Crisis Communication: What do your employees want to know during this crisis?

crisis communication
Toni Ristovski

Toni Ristovski
Founder of Next Generation Company
April 27, 2020

What do you need to know about crisis communication? In fast-moving and challenging situations you can face questions from your employees. Do you have all the answers for them? 

Even if you’re still trying to figure out the extent of the problem, be honest and open to maintain credibility within your firm. Hence, put yourself in your employee’s shoes to understand their anxiety and try to be as transparent as much as you can.

Initially, you need to approach the situation with empathy. For this reason, we’re covering 5 things your employees will want to know and how you can handle it: 

1. Is their job impacted?

In challenging times, you inevitably need to change your regular workflow and operations. Subsequently, your employees will have so many questions about how this will impact their job activities. For example, if you’re planning to change the working hours or some of your clients are reducing their workloads, share this with your team in the first place.

Uncertainty can be truly toxic and a big demotivator for everyone. Therefore, if you’re making modifications to your resourcing, it’s another important touch point to be discussed with your employees. Under those circumstances, your crisis communication during this period undoubtedly needs to be with authenticity, transparency, and empathy.

2. How the business is coping with the crisis?

Your leadership during these times requires you to be transparent in communicating near-term challenges. Even so, you need to present your business performance in a similar manner as you’re presenting it under normal circumstances. With this intention, if the business is struggling – your employees need to be aware and prepared.

In the world out there we’re facing too much confusion and unpredictability, so you have to avoid adding it and keeping people under a big shadow. Additionally, if you’re open with your employees, you’ll attract open-minded solutions to the problems your firm is facing.

3. What they can do to stay productive?

Crises by default are creating a new reality for everyone. And the new environment requires new approaches. Consequently, your employees will ask themselves: “How can I stay productive?”. And so, you need to provide that answer even before they think of that.

To ensure your team is set up to be as efficient as possible, provide the tools and resources that are required. Additionally, consider giving tips on setting up a distraction-free, dedicated room, technology, ergonomics, communication, and efficient workload management. As a matter of fact, we wrote more about this topic in our previous article. You can check it here.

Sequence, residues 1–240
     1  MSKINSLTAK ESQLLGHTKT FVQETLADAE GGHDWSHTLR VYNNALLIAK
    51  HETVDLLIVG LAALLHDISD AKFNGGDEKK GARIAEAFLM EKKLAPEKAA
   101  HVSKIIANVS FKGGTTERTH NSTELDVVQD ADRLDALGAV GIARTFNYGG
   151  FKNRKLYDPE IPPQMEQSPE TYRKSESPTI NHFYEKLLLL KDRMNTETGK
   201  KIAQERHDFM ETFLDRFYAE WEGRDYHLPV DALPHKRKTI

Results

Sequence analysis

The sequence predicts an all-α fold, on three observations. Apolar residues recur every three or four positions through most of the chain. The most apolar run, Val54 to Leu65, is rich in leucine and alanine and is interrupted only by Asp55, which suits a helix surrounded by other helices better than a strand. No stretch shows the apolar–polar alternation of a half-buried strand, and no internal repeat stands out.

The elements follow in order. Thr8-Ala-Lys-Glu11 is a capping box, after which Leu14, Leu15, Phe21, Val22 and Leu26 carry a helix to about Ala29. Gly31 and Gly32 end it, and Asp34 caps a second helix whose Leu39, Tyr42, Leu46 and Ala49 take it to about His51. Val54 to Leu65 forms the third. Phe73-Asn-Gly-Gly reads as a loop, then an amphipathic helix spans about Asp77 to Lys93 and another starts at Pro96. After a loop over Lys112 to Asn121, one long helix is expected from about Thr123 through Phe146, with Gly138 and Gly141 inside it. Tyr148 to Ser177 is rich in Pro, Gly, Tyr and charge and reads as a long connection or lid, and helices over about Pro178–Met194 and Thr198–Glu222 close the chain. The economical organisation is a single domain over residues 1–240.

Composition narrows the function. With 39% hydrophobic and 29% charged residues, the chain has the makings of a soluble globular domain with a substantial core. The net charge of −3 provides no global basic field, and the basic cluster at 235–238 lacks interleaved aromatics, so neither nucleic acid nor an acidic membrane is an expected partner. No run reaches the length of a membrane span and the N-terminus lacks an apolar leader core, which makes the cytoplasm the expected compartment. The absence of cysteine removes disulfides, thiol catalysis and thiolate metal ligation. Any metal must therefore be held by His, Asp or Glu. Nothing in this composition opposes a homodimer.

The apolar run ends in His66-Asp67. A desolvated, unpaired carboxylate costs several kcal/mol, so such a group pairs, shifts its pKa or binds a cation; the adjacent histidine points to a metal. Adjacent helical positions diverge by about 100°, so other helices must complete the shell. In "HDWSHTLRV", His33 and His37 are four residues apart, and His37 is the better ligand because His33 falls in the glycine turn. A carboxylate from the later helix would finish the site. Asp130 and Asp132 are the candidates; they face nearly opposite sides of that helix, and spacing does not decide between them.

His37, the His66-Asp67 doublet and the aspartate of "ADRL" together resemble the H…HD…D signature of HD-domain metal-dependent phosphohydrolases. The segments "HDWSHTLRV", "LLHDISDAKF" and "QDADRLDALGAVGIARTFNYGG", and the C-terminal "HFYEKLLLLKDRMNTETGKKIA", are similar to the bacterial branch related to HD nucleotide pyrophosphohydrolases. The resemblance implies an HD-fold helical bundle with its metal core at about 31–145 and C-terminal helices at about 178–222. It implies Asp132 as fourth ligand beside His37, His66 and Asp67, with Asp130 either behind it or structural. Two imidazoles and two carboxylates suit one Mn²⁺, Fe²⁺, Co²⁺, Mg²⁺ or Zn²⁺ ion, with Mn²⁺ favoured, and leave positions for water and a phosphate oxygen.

4. How they will be supported?

During this unpredictable period, there is sufficient help available for the businesses as well for the employees specifically. Your employees are expecting this kind of information from you. You need to share with everyone what is available and how they can access it.

You have to be prepared to explain all of the guidance around government benefits for your staff. Especially for those who are impacted the most. Your presentation has to include information about where social, health and mental health resources can be obtained – if they need it. It’s for sure that your team will appreciate your efforts and your leadership style.

5. How you’re going to protect them?

Nowadays, thought leaders are most concerned about the physical health and mental well-being of their employees. To reduce the spread of infection, some employees can work from home, and many are doing so already, making use of the virtual collaboration tools much more widely than ever before.

That’s where the power of remote work comes into place. You can get our expertise on how to prepare your accounting practice for the “Post-Coronavirus World”. Access the full guide here.

For employees who need to be on-site, social distancing and staggered shifts are being employed to limit exposure to others. And as we said before, on-time communication is crucial to ensure this transition process goes smoothly.

This crisis and its aftermath will test the strength of organizations to preserve, to endure, to be resilient. This requires CPAs to communicate when they don’t have all of the answers at the time. Furthermore, they need to reveal as much as they can about crucial information, and to be prepared about correcting mistakes without worrying about the repercussions.

When the important and urgent part of the crisis communication is addressed, firms like yours should consider what this crisis changes and what they’ve learned so they can reflect them in their future activities.

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